Doyle's Brunson Fraudulent Bluff Offer for WPTE

Discussion in 'Stocks' started by fxpeculator, Jul 12, 2005.

Massive Fraud?

  1. Texas Dolly Belongs in Jail

    5 vote(s)
    22.7%
  2. Bust all trades in WPTE on Friday, I want my money back

    3 vote(s)
    13.6%
  3. WPTE was probably in on it

    2 vote(s)
    9.1%
  4. Nothing amazes me anymore in the market, crime pays

    12 vote(s)
    54.5%
  1. World Poker Tour shares slid as bid crumples
    Tue Jul 12, 2005 04:42 PM ET
    NEW YORK, July 12 (Reuters) - Gaming entertainment company WPT Enterprises Inc's (WPTE.O: Quote, Profile, Research) shares slid on Tuesday after a $700 million bid from U.S. poker champion Doyle Brunson crumpled, prompting some queries about the offer's veracity.
    A company spokeswoman said WPT, which owns the popular World Poker Tour television series, spoke to Brunson late Monday who indicated he would provide no further information about the vague, cash offer that was received last Thursday.

    The offer represented a 100 percent premium to WPT's closing price on Thursday when the market valued the company at about $357 million. It priced WPT shares at about $36.50 each.

    "We expect the bid to expire at 5:30 p.m. today with no further action taken. It's back to business," she said.

    The company said it had tried repeatedly to get information about the offer and Brunson himself then declined to give more details. The spokeswoman said she did not know whether Brunson had failed to secure financial backers or why he made the bid.

    But analysts questioned the credibility of the offer which triggered a 50 percent surge in California-based WPT's share price on Nasdaq on Friday to a new closing high of $26.50.

    Since then the shares have slipped, dropping 5.3 percent to $21.98 on Tuesday after falling 12.5 percent on Monday.

    Analyst Steven Gart from San Francisco-based Langner & Co., that focuses on small cap investors, said some were terming the offer a "pump and dump" but stressed the potential of WPT's online gaming operations launched two weeks ago.

    "We feel that shares will continue to be weak as it now appears, perhaps, there isn't anything tangible behind the Brunson bid," he said in a client note. "We would be buyers at the $18-$19 level based on our fundamental analysis."

    Shares in WPT's largest shareholder, casino operator Lakes Entertainment Inc. (LACOE.O: Quote, Profile, Research) , that holds a 62 percent stake, has also had a rollercoaster ride on the back of the offer.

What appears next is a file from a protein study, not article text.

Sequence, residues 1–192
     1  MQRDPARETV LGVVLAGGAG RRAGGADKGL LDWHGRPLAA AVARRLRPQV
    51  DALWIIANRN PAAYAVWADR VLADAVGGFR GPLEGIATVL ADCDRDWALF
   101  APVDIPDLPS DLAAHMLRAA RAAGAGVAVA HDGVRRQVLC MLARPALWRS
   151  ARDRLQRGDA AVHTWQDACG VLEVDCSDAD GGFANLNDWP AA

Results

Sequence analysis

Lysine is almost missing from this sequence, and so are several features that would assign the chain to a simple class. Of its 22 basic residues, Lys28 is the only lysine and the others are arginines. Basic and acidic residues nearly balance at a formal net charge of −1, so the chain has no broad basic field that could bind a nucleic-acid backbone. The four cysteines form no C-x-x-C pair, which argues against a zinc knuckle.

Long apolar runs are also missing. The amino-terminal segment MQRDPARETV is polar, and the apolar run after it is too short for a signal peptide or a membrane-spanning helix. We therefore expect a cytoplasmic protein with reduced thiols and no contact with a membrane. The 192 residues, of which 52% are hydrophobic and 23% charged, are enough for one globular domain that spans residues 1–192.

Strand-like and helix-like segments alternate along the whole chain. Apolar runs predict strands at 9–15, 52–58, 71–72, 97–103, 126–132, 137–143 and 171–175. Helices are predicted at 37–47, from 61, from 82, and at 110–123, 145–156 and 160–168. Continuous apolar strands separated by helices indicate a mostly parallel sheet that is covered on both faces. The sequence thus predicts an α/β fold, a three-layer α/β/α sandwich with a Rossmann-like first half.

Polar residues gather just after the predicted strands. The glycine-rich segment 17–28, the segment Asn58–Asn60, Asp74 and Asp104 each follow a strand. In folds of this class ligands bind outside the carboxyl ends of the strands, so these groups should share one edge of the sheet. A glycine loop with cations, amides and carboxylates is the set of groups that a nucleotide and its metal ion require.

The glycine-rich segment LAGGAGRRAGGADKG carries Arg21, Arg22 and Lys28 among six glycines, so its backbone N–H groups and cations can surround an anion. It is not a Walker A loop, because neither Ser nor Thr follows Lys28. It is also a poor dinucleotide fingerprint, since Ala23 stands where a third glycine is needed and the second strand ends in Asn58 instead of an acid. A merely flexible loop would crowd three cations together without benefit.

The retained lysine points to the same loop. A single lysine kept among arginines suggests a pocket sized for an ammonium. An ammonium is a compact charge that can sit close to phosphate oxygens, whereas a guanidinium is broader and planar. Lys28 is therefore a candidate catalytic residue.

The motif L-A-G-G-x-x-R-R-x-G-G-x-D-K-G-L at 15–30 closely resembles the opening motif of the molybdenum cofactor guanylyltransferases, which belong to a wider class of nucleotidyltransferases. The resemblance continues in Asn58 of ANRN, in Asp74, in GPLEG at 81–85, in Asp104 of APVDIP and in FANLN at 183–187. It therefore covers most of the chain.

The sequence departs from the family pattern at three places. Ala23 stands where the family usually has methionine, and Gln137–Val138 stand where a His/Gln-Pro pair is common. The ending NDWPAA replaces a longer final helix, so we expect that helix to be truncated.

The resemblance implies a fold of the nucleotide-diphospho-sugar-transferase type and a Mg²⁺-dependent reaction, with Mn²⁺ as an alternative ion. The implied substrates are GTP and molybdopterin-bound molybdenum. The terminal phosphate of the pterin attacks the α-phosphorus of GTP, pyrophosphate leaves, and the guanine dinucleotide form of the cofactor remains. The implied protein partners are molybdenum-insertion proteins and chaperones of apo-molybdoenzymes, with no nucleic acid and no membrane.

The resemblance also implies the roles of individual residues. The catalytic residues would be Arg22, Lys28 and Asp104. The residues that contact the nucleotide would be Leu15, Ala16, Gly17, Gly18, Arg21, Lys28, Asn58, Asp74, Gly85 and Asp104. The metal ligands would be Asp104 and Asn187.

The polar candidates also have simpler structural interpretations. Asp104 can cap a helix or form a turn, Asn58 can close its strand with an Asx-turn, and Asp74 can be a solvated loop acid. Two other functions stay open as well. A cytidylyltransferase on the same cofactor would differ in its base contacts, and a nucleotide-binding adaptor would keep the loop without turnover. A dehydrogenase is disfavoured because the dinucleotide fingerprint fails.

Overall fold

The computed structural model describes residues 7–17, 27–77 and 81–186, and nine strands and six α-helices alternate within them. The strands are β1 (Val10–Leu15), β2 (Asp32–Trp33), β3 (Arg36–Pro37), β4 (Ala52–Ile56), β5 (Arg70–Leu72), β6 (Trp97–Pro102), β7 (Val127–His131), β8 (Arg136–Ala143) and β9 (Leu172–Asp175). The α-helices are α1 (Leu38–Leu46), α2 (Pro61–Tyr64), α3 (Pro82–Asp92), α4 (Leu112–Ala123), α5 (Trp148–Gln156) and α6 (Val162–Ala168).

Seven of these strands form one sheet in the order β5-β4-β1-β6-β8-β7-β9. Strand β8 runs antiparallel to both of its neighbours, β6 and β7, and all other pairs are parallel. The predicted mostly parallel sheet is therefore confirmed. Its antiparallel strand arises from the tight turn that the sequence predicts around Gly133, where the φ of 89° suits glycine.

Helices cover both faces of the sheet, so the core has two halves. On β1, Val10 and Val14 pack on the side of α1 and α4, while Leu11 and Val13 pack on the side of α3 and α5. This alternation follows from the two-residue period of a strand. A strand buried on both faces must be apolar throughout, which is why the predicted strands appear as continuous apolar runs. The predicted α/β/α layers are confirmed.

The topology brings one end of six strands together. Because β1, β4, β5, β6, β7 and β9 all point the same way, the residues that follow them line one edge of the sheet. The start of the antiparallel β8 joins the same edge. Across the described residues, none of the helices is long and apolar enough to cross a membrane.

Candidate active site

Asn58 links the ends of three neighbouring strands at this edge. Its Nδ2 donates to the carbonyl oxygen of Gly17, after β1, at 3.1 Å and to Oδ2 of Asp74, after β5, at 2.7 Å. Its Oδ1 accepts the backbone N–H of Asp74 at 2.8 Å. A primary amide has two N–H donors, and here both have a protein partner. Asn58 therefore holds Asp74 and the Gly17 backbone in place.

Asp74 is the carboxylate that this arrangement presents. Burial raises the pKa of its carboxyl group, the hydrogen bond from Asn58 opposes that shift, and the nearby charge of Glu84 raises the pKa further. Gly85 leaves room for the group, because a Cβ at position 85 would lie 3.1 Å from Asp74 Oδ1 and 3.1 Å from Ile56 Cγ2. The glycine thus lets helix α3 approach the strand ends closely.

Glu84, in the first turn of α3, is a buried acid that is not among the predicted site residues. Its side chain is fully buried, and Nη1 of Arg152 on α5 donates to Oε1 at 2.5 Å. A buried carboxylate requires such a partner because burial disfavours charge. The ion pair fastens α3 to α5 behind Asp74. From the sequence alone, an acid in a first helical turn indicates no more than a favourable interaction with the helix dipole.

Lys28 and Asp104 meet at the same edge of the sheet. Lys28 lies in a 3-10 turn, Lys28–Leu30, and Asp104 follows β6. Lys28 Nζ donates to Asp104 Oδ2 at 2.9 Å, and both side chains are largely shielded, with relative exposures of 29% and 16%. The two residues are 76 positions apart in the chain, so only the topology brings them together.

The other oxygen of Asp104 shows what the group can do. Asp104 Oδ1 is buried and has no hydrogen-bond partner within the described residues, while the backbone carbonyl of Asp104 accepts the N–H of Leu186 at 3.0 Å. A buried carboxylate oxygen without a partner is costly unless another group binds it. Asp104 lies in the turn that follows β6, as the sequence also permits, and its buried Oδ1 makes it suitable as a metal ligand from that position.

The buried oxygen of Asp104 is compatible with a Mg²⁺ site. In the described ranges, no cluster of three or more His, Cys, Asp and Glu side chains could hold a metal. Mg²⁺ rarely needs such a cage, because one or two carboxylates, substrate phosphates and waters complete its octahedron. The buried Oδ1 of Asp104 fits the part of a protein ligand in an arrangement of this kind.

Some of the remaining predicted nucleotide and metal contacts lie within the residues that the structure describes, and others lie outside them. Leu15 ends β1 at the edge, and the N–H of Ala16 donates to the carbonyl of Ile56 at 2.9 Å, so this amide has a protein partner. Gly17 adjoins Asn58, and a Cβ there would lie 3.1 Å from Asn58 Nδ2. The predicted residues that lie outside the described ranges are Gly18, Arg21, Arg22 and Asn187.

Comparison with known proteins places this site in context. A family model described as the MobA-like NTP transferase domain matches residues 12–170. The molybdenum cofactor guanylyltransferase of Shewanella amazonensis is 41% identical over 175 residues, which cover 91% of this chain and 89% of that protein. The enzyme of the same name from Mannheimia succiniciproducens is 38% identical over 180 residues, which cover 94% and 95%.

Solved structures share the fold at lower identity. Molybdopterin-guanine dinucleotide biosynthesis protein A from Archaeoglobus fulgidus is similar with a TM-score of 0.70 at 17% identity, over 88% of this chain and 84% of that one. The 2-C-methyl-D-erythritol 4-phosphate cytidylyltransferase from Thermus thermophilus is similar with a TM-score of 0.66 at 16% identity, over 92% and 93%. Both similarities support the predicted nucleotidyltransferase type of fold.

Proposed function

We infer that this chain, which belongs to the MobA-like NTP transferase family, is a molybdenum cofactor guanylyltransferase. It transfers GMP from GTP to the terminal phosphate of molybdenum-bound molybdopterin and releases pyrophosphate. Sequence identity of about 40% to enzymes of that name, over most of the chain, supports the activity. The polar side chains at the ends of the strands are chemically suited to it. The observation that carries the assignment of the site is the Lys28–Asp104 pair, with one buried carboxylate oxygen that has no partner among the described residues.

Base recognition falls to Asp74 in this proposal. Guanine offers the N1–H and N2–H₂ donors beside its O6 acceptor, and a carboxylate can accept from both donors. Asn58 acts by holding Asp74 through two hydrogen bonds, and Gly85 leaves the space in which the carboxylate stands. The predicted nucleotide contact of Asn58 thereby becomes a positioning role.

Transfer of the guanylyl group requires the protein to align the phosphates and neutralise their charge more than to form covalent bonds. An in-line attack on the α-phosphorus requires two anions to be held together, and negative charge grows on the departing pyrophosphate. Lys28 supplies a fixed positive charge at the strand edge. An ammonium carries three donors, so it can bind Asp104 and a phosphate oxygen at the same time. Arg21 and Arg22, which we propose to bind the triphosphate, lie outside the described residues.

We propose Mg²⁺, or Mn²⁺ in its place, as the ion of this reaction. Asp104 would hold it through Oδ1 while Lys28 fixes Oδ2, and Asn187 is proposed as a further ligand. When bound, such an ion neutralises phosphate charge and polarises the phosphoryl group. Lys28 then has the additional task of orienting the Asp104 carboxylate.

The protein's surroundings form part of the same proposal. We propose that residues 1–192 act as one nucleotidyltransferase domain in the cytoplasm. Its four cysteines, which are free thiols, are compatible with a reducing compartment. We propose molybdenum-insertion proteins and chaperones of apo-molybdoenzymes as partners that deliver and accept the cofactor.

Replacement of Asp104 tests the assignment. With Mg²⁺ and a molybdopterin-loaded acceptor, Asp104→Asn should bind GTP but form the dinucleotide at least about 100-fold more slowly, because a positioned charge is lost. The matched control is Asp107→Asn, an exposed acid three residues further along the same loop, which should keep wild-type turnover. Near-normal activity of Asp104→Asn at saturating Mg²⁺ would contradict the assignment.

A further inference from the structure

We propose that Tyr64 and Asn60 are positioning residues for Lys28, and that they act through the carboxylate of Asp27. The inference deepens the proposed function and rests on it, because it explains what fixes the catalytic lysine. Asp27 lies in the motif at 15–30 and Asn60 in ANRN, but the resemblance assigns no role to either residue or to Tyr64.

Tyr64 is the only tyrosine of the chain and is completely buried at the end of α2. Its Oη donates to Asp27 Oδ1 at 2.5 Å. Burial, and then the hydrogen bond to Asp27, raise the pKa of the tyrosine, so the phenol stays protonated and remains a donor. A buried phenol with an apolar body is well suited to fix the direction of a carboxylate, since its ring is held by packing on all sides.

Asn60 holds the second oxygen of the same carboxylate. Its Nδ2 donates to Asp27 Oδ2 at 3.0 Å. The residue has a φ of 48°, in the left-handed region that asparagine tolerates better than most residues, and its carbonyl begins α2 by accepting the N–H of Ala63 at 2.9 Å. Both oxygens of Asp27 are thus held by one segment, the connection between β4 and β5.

Lakes shares rose almost 22 percent on Friday to $18.09 before falling 11 percent on Monday and 3.5 percent on Tuesday to close at $15.51.
     
  2. Although it sounds like it, we don't know if it was a hollow bid.
     
  3. My call here is a massive fraud as the offer expired today and Dolly was quoted on the wires that he was looking to close the deal after the tournament on the 16th but the offer was set to expire today. LMAO


    Dolly has backers for his site Doylesroom.com who pay him to use his name for his poker site. The site is registered in Curacao, Netherlands Antilles and have a reasonable assumption a few slapped some massive longs on before putting out a press release for the offer.


    Looks like a massive and sloppy fraud. Very odd that the WPTE said Friday the deal had no terms but announced Monday of an acceptance term that the deal would expire today.

    Also possible as explaining why Dolly would risk jail and taint his legacy in the 9th inning of his life is he owed a click some money so had to go all in with the sloppy fraud.
     
  4. If you go back and read that Post article, it's clear that Brunson was pretty out of touch with even the simple terms of the offer. When a reporter asked him if it was an all-cash bid, he was like, "Well, if that's what it says."

    Sounds like he played a high stakes game and lost and had to go 'all in' in the massive fraud or fold his life if he refused
     
  5. We only have Lipscomb's side of the story at this point.

    Maybe Brunson is playing possum.

    Notice there was a run-up two weeks before the offer was leaked to the Post.

    It's hard to believe that the bid was fraudulent, because it's too easy to unmask.
     

  6. (1) The CEO and Brunson are "friends" so why wouldn't WPTE be able to get Brunson on the phone before Monday when offer was submitted on the 6th?

    (2) Why did the law firm back out over the weekend?


    (3) Lipscomb was on CNBC today acting like it wasn't a big deal.

    (4) Most likely, the run up driver was the launch of their online gambling site last week and the partygaming run up in the UK into a 8 yard (bil) valuation in USD.
     

  7. Anyone else think poker mania has topped?
     
  8. Dunno. I have no interest in poker. So after the mania is gone, I will still have no interest.
     
  9. nkhoi

    nkhoi Moderator

    I am not "all-in" yet so it still has long way to go. :D
     

  10. I don't.


    Thats a potent combination of competitive sport with characters (Moneymaker, Phil Ivey, etc.) and gambling. People always will be bullish on the excitement and high that comes with taking risk and losing money. I believe the high growth is in Europe now, not the US.
     
    #10     Jul 12, 2005